It seems like the cryptospace generates copycats of the flavor-of-the-week at an alarming rate. When anonymous coins started getting popular after Darkcoin's rise, every week saw a new coin based on a new anonymity mechanism, where each successive mechanism was more convoluted and more difficult to decipher than the last. There was also the hype behind arbitrary asset issuance protocols like Nxt, Counterparty, followed by several others. Now with Nubits, it seems pegged assets is the new hot thing. I think, at this point, what's necessary are experts in mechanism design (http://bit.ly/1DTrfQK) and implementation theory (http://bit.ly/10gXV7m) to come into the cryptospace and separate the plausible from the impossible. I also feel that many altcoin whitepapers are needlessly long and painful to read. That being said, I think anyone who has the patience to thoroughly sift through the noise will find many opportunities in the altcoin markets.
In an unrelated note, I recently read a paper on the correlation between bitcoin market activity and Twitter sentiment: http://tinyurl.com/k5b27a3.
To summarize its findings:
- The paper looked at the number of times positive emotive words (e.g. happy, great, awesome, etc.), negative emotive words (e.g. sad, bad, unhappy, etc.), and uncertain emotive words (e.g. hope, worry, fear) were mentioned in tweets alongside the word "bitcoin".
- Correlation between negative tweets (but not positive tweets) and bitcoin price is found to be negative at the 1% statistically significant level.
- This means negative sentiment is reflected in the market much more than positive sentiment (i.e. it could be that the baseline for tweeting is that most people say positive things about bitcoin most of the time)
- Correlation between uncertain tweets and bitcoin price is found to be negative at the 1% statistically significant level.
- This means that price goes down as uncertainty goes up.
- Trading volume was correlated with positive tweets, negative tweets, the ratio of positive to negative tweets, uncertain tweets, and total emotive tweets at the 1% level.
- This means that more twitter action goes together with more trading volume.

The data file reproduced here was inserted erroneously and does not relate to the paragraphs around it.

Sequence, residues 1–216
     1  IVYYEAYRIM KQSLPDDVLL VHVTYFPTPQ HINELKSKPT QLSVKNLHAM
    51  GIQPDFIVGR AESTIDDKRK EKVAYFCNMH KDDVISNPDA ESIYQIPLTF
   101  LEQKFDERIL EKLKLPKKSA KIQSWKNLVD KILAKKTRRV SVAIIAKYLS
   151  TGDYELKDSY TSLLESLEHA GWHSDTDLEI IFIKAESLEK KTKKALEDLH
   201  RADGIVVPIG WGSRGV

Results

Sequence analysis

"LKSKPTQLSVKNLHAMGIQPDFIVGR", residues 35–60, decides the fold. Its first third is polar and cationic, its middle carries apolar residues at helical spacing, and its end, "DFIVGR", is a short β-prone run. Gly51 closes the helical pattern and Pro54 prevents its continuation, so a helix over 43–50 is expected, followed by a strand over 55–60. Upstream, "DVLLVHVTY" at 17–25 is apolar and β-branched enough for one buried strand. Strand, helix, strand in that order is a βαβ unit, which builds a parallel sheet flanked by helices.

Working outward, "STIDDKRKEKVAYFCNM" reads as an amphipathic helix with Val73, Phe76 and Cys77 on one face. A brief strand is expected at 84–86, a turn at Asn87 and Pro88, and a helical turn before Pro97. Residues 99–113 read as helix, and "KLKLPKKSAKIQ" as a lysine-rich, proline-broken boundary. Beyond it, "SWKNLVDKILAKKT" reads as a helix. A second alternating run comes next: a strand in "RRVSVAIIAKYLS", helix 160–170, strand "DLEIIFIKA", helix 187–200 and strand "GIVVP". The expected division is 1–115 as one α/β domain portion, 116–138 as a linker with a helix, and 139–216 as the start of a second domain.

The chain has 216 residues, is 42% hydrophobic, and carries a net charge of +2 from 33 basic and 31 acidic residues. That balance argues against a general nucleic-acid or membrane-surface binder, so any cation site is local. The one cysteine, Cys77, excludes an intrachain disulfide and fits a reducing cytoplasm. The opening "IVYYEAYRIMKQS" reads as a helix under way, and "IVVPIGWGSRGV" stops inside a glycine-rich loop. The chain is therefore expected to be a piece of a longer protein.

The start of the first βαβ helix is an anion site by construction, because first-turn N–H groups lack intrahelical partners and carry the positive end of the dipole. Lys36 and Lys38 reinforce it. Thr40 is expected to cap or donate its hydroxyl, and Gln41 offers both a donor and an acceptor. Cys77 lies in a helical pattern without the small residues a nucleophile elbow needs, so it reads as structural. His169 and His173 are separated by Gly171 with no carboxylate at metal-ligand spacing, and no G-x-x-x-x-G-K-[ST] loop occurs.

- Wider spreads are correlated with negative sentiment.
- Narrower spreads are correlated with the ratio of positive to negative sentiment.
- It also found that sentiment (negative, uncertain, and positive to negative ratio) could lead price movements by up to 2 days but sentiment did not lead trading volume.
- This suggests that directional sentiment lingers for a few days but excitement does not linger. In other words, people who are right in their sentiment but slow pay off people who are right in their sentiment but fast.
- Ultimately, the methodology could be better. It would have been better to use price returns instead of price and de-trended tweet counts instead of tweet counts since the correlation of two non-stationary time series is less telling than the correlation between two stationary time series since correlation is a linear relationship.
- Also they could improve upon their word choices for what represents positive or negative emotions. They could also look for not just the word "bitcoin" but its many variants like "BTC" or "XBT".
- If you want to get really fancy, you can build out a neural network of emotive words each with a weighting for "positiveness", "negativeness", and "uncertainness" off a list of seed words (e.g. happy = (1,0,0) (positive, negative, uncertain), sad = (0,1,0), unsure = (0,0,1)) and doing heavy machine learning as a first pass over Twitter. Then in the second pass, apply the full neural network onto the word "bitcoin" plus variants.
I think there is a lot to explore on the topic of sentiment analysis in the bitcoin markets.
Kevin & Team ButtercoinBitcoin Trading Made Easy | Buttercoin.com